Robertson signs with Jets

A former University of Kentucky lineman is now officially an NFL player. The New York Jets reached an agreement in principle with first-round pick Dewayne Robertson on Saturday, July 19, the day before players reported for training camp.

Hadley Engelhard, who was serving as an agent for Robertson told the Associated Press the contract needed to be fine-tuned and probably would be signed Sunday morning, July 20. The Jets opened training camp Monday, earlier than most teams because they travel to Tokyo to play the Super Bowl champion Tampa Bay Buccaneers in the American Bowl on Aug. 2.

Robertson did sign the contract shortly after reaching the agreement. Robertson was the third first-round pick to agree to a deal, following No. 1 overall selection Carson Palmer with Cincinnati and 27th overall pick Larry Johnson with Kansas City. Later Saturday, Green Bay signed linebacker Nick Barnett, the 29th pick.

The former Memphis high school standout was the fourth overall pick in the April draft. The 6-foot-1, 317-pound defensive tackle left Kentucky a year early to enter the draft. In his junior season, he accounted for 48 tackles and five sacks. Engelhard flew to New York earlier this week to complete negotiations in person. The agreement with Robertson was something the Jets franchise wanted to get done in the month of July.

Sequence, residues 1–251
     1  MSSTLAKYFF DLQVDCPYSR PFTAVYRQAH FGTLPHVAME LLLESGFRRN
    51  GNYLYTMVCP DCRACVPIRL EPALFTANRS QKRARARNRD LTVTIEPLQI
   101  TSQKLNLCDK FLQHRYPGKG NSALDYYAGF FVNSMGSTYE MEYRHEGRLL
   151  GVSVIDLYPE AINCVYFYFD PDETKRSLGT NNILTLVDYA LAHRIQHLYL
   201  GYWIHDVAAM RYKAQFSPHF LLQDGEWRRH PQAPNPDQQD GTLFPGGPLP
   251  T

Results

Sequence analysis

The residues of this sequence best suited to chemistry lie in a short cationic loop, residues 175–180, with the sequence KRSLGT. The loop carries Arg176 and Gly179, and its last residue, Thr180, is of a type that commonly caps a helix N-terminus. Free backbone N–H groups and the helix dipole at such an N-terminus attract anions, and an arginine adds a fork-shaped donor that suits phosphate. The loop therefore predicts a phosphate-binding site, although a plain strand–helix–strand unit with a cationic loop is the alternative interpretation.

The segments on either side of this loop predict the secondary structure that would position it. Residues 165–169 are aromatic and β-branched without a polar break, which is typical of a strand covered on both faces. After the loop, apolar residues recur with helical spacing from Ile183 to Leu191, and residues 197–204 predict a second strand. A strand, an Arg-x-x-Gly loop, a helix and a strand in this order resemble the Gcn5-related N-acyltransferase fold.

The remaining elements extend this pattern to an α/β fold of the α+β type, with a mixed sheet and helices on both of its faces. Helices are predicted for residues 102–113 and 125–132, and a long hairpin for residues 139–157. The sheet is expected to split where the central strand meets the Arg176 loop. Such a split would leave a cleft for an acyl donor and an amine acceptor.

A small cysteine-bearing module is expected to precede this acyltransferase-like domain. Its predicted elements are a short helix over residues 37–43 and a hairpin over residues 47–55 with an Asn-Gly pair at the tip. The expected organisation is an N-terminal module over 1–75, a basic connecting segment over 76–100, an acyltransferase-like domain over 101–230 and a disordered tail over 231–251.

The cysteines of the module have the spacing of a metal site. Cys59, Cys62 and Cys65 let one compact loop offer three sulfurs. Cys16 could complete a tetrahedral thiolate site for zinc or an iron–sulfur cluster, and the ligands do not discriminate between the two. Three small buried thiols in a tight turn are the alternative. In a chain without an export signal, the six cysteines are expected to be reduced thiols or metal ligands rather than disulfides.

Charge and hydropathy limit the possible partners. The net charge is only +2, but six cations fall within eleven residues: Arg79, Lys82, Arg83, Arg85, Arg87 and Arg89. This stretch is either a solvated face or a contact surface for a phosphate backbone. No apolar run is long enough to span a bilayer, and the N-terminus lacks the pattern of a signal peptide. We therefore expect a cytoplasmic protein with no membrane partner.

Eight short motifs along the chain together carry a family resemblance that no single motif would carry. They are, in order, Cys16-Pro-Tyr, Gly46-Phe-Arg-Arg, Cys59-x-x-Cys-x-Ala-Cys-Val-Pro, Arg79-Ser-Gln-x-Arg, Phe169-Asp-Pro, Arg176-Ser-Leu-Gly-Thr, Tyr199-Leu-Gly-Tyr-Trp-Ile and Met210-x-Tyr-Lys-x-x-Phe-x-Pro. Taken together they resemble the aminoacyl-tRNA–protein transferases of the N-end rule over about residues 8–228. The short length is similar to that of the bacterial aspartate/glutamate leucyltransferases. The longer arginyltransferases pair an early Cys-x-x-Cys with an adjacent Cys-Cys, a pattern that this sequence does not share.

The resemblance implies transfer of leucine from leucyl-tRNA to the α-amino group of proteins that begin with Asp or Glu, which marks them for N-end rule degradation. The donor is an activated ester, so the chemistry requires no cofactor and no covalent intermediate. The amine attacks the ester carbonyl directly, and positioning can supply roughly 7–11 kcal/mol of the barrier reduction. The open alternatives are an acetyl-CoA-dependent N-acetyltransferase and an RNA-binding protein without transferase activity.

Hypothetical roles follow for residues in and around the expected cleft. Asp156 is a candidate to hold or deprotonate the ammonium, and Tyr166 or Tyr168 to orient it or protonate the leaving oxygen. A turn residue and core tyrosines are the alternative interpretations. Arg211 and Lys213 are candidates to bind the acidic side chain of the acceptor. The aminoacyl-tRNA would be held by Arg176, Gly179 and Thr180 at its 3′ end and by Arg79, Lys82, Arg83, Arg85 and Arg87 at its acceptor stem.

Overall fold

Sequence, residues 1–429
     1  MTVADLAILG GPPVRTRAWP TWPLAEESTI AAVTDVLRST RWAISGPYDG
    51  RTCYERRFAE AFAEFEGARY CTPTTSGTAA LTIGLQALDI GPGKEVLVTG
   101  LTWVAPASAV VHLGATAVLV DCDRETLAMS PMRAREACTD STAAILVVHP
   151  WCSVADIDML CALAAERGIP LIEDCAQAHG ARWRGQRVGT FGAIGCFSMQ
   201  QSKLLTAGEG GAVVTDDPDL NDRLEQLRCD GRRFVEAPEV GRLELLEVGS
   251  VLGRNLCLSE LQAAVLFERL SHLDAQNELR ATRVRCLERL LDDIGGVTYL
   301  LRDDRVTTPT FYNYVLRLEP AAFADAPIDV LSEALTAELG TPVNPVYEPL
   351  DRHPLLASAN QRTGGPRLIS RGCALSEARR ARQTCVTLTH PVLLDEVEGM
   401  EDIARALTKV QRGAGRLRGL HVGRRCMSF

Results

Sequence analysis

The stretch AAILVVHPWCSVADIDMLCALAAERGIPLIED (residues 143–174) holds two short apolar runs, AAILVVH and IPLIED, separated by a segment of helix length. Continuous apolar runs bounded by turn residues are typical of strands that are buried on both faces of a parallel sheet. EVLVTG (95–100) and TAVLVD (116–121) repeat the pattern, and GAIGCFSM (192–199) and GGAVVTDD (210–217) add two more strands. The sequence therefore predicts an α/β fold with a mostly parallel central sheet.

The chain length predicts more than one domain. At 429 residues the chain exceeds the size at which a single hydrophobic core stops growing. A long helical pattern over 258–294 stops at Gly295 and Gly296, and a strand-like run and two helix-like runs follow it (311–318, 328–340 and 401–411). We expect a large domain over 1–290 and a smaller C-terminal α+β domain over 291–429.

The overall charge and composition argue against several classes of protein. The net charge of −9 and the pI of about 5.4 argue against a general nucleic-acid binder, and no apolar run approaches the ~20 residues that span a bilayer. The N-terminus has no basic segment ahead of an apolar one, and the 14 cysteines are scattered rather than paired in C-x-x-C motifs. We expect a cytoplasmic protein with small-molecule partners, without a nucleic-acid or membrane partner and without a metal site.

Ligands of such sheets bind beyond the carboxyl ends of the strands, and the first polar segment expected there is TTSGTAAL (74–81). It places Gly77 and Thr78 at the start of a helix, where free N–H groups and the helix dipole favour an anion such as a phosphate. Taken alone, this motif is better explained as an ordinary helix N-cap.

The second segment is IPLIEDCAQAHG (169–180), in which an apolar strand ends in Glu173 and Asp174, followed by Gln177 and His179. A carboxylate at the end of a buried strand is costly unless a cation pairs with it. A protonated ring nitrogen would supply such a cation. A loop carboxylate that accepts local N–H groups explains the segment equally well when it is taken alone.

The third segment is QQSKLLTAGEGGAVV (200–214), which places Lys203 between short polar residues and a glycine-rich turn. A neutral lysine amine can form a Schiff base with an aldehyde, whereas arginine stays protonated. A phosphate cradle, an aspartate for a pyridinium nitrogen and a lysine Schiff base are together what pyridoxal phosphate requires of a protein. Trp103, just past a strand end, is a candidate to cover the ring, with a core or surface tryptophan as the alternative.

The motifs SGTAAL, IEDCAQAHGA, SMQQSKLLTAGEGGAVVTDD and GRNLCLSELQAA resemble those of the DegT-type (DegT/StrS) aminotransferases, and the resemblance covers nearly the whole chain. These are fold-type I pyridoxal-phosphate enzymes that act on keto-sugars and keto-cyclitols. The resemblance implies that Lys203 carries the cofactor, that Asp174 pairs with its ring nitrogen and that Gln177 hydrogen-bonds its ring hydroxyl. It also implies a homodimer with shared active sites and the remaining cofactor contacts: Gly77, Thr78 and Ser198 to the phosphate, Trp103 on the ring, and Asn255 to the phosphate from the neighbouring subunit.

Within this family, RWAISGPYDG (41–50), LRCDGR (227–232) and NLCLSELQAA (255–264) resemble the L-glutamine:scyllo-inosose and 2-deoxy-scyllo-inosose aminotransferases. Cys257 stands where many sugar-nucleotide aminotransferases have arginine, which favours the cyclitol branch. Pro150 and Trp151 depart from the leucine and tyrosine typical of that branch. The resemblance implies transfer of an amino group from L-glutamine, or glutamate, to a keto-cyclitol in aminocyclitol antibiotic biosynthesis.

Engelhard would not reveal terms of the deal until it was signed. The Jets franchise was pleased with having Robertson as its first pick in the draft and expect the former WIldcat to play and contribute in his rookie season. The Jets expect Robertson to play right away because of depth problems on the defensive line. Starter Josh Evans was suspended indefinitely for violating the NFL's substance-abuse policy for a third time. Veteran tackle Chester McGlockton was signed in mid-July, but was not ready for the opening of training camp. Various reports said McGlockton was over his playing weight of 334 pounds and has not been part of a conditioning program since being released by Denver in February.

During the Jets, minicamp in May, Robertson caught the eye of New York head coach Herman Edwards. "You could see the power," Edwards told reporters. "He's a big man, thick and athletic, and he really loves football. ... When you draft a guy that high, you¹re getting the whole package."

Early negotiations between the Jets and Robertson crawled, but both sides wanted to avoid a holdout. Engelhard did not specify what the stumbling blocks were, saying only, "We got it done."

Robertson and current UK senior Jeremy Caudill came into the Wildcat football program at the same time as freshmen. Each started in the tough confines of the Southeastern Conference as true first-year players.

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